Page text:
FDA has historically taken the position that products intended to benefit a user’s overall health and wellness, and that did not make claims about disease prevention, treatment, mitigation, or cure, would not be regulated as medical devices. For example, in 1995, FDA issued Guidance Document for the Preparation of Premarket Notification [510(k)] Applications for Exercise Equipment. In that guidance, FDA stated:
Note that FDA regulates exercise equipment only if the equipment is intended to be used for medical purposes, such as to redevelop muscles or restore motion to joints or for use as an adjunct treatment for obesity. FDA does not regulate exercise equipment intended only for general physical conditioning and/or for the development of athletic abilities in individuals who lack physical impairment. Therefore, it is not necessary to notify FDA of an intent to market a device if it will not be labeled or promoted for medical uses. However, FDA will regulate the equipment and may require premarket notification if any promotional material appears which makes medical claims after marketing begins.
When FDA issued the Mobile Medical Applications guidance in September 2013, it again repeated its position that it did not intend to regulate apps intended for general health and wellness.
Given this historical view on general wellness devices, FDA’s issuance of a draft guidance, General Wellness: Policy for Low Risk Devices, on January 16, 2015, would not, on its face, appear to present a major change to these types of products. There are, however, a few points in the guidance worth noting. First, FDA, for the first time, defines a “general wellness product” as a product that has:
- an intended use that relates to maintaining or encouraging a general state of health or a healthy activity, or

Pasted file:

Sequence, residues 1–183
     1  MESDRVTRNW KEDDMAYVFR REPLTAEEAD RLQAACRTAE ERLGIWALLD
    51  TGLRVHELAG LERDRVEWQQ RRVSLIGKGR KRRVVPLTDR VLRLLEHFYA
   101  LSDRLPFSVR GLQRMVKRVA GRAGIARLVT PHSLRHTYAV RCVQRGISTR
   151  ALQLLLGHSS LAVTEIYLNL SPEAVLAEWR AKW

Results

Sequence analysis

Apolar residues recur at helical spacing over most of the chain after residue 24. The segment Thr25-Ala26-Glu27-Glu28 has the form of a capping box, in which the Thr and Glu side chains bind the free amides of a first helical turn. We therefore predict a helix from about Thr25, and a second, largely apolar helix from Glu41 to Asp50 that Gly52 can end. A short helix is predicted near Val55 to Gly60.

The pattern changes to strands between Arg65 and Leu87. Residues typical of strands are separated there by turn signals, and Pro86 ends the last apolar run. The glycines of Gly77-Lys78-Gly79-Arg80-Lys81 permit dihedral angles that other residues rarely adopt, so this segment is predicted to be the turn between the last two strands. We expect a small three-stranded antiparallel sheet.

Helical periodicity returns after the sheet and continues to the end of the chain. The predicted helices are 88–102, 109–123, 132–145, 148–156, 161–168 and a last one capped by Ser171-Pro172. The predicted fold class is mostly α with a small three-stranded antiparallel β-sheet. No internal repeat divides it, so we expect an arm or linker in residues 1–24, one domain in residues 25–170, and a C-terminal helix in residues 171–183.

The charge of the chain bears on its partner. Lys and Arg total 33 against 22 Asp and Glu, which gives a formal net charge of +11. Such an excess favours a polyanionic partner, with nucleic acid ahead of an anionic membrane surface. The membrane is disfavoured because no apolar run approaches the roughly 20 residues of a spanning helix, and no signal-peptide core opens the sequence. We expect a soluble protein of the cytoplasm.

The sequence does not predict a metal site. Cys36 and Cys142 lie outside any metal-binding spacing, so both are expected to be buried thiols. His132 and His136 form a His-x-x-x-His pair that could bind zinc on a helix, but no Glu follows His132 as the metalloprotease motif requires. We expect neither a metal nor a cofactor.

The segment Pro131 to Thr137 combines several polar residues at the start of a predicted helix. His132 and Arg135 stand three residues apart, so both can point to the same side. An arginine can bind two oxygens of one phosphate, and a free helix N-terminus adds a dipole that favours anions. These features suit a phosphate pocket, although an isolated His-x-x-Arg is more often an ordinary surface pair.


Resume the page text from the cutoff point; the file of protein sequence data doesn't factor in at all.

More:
- an intended use claim that associates the role of healthy lifestyle with helping to reduce the risk or impact of certain chronic diseases or conditions and where it is well understood and accepted that healthy lifestyle choices may play an important role in health outcomes for the disease or condition.
Draft Guidance, at 3.
The second of these is particularly interesting, and appears to expand the category of general wellness products excluded from FDA’s jurisdiction. FDA states that this second category includes two subcategories:
- intended uses to promote, track, and/or encourage choice(s), which, as part of a healthy lifestyle, may help to reduce the risk of certain chronic disease or conditions; and
- intended uses to promote, track, and/or encourage choice(s) which, as part of a healthy lifestyle, may help living well with certain chronic diseases or conditions.
Draft Guidance, at 4 (emphasis in original).
The draft guidance includes examples of claims falling within this subcategory, including the product promotes physical activity, which, as part of a healthy lifestyle may help reduce the risk of high blood pressure. Another example would be a product that tracks caloric intake and helps manage a healthy eating plan to maintain a healthy weight and balanced diet, which in turn may help living well with high blood pressure and type 2 diabetes.
The significance of this is that the manufacturer may say more about the product than that it merely helps achieve a healthy lifestyle or may help aid in weight loss. It can then link those outcomes to potential benefits with specific disease states, implying that the product itself may, to a certain extent, help mitigate or reduce the risk of those disease states. FDA has included the caveat that it must be well known that healthy lifestyle choices are associated with improved outcomes for those diseases or conditions. This seems like a reasonable requirement, and still permits health outcomes claims that, prior to the guidance, may not have been permissible or were at least questionable.
This draft guidance is another welcome sign that FDA is attempting to focus its resources on high(er) risk products, and will not actively regulate products that present a low risk to the user. We hope to see this trend continue when FDA issues its draft guidance on regulation of clinical decision support software, on the “A-list” for development in FY2015.